After the birth, slices of this moaning cake were distributed to strangers, as shown above, but also to any single women who were present at the birth. With these pieces of cake the ladies could throw them over their right shoulder and go back to bed. If they fell asleep before midnight, they would have a dream about their future spouse.
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5 Silly cake
However, you didn’t have to wait for a birth if you wanted to dream about your future love. The silent cake tradition could be performed on several evenings of the year. One of the most popular times to bake a silent cake was St. Agnes’ Eve on January 20th. Since St. Agnes is the patron saint of virgins, her connection with finding a lover is a little difficult to explain.
To make a stupid cake, groups of young ladies would gather and bake in complete silence – hence the name of the cake. The recipe isn’t particularly tempting. A description of the ritual explains how “every woman is obliged to help mix the ingredients (flour, eggs and eggshells, soot, etc.), knead the dough, and bake the cake on the glowing embers; and when it is sufficiently baked, they divide it up, eat it, and retire back to their beds without saying a word. “
If the ritual worked, their dreams would show their future husbands.
4th Pope ladies
Hertfordshire had a long tradition of serving some terrible looking buns called pope ladies or popladies. Roughly shaped like humans and sometimes decorated with dried fruit for the eyes, the cakes can be a little scary to eat. One visitor in 1819 described it as “long and narrow, similar to the human figure with two dried raisins or currants to represent the eyes and another for the mouth, with the lower part shaped more like the outer case of an Egyptian mummy.”
The origin of the cakes is ancient and possibly mythical. In one version, a group traveling towards St. Albans was lost as night fell. They would have spent a long and cold night outside if it had not been for a light shining from the clock tower in the city. For safety reasons, the women in the group left money so that the cakes could be given to the poor.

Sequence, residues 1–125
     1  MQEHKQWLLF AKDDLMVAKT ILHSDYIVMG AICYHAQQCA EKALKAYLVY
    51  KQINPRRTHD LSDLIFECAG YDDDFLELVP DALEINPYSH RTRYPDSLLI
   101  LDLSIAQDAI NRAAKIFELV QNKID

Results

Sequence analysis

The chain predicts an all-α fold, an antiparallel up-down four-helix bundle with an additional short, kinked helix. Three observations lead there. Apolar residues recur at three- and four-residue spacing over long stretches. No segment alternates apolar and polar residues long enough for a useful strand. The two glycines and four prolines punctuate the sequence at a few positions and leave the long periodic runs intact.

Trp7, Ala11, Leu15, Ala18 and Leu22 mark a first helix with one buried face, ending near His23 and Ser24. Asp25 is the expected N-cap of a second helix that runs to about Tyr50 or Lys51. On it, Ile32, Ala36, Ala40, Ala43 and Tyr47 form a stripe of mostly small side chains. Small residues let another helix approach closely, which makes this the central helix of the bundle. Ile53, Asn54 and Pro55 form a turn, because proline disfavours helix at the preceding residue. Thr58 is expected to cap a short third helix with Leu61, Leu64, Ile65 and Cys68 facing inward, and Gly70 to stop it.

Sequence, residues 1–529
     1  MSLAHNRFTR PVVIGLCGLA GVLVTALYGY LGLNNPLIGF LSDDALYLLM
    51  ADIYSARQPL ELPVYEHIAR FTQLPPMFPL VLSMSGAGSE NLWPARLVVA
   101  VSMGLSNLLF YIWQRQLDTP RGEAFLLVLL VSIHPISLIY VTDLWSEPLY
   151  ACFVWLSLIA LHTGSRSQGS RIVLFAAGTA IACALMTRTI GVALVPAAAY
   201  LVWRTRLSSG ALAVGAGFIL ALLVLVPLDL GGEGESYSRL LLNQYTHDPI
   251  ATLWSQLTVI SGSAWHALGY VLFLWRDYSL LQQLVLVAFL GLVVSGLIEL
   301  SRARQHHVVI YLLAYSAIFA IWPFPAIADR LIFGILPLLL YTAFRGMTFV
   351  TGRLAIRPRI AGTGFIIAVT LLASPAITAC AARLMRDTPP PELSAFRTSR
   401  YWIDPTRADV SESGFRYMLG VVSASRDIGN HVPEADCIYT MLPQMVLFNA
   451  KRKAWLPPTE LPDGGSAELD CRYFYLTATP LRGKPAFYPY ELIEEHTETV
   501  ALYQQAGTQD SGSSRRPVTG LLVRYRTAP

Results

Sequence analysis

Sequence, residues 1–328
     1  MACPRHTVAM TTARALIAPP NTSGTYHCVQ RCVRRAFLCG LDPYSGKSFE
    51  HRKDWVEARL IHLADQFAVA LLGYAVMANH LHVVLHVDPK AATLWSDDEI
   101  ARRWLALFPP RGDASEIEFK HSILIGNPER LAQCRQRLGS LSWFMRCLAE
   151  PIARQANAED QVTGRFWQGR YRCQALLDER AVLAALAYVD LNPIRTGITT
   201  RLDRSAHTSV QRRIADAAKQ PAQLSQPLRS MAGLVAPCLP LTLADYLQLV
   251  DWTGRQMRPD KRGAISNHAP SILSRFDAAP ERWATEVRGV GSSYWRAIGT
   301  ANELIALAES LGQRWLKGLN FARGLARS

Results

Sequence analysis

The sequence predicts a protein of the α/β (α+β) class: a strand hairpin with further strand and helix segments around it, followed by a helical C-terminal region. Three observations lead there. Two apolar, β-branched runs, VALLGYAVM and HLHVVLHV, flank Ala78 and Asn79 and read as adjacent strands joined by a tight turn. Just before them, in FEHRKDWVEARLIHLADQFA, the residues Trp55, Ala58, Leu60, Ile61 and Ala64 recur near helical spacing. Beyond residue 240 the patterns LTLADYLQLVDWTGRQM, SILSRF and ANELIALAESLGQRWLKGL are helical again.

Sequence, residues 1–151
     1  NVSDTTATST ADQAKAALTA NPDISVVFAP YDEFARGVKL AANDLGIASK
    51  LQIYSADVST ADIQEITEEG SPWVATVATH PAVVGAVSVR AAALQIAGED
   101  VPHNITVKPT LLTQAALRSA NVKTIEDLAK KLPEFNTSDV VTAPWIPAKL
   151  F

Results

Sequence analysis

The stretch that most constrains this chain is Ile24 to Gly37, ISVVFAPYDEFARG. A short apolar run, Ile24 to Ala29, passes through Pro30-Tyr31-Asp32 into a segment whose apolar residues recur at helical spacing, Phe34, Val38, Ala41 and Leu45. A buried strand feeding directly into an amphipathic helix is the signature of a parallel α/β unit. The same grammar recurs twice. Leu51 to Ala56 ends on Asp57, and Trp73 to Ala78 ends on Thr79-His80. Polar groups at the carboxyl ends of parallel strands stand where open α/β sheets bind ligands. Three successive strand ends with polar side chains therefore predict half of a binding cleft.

Since the cakes were given out by monks, they appear to have been viewed as the Pope’s ladies.
3 Beltane cake
Beltane is a Gaelic holiday widely celebrated on May 1st in Scotland and Ireland. It was the beginning of summer and a time of celebration when bonfires were lit. For those who want to try a bit of Beltane, they can make a Beltane cake.
According to tradition, a cake called Bonnach Bea-Tine was baked and distributed to everyone around the campfire. One of the pieces of cake was marked in some way, and the one that received it was called “Cailleach Beal-Tine” for the rest of the year – not a name you wanted. The unfortunate person was carried to the fire as if to be burned or pushed to the ground and pelted with eggshells.
Oatcakes, shaped like people, were sometimes used instead of a sweet cake. One was made for each person present, but one was rubbed into the ashes of the fire. It was the person who pulled that unfortunate cake out of a hat, who faced a ritual and luckily just pretended to make sacrifices.
2 Bull cakes
“Fill your cups, all my happy men,
Because here is the best ox in the stable
Oh, he’s the best ox, there’s no mistake
And so we crown it with the 12th cake. “
This Herefordshire rhyme reflects a tradition of giving bulls cakes in hopes of a good harvest. The bull did not eat the cake, but was dressed in it. A cake with a hole in the middle was placed on the bull’s horn and how it reacted would predict what the coming harvest would be. If the bull tossed the cake forward it was a good omen, but if the cake fell backward there would be lean food in the winter – and probably no cakes that could be wasted on bulls.
If the bull didn’t throw the cake on its own, it could be poked until it did. If it still refused, a bucket of cider would be thrown in the cop’s face.
1 Biddenden Maids
As you walk into the village of Biddenden, England, you will be greeted by a sign that says two ladies on the waist and shoulder. These are the Biddenden Maids. Reportedly born in the village of Elisha and Mary Chulkhurst in 1100 AD, they were twins who left a legacy that was beyond a sign. Every year cakes in the shape of the two ladies were distributed to the visitors to remind them of their lives.
The Biddenden Maids are believed to have given land to the local church when they died at the age of 34. The income generated by this gift was to be used to buy groceries for the poor – and to bake the cakes that showed the ladies were coming together.
Although the cakes are still served every year, they are not particularly tasty. Mostly made from flour and water, they are hard and are kept as souvenirs rather than eaten. However, be careful about biting any Biddenden cakes you may come across – some are made of plaster of paris and are intended for tourists.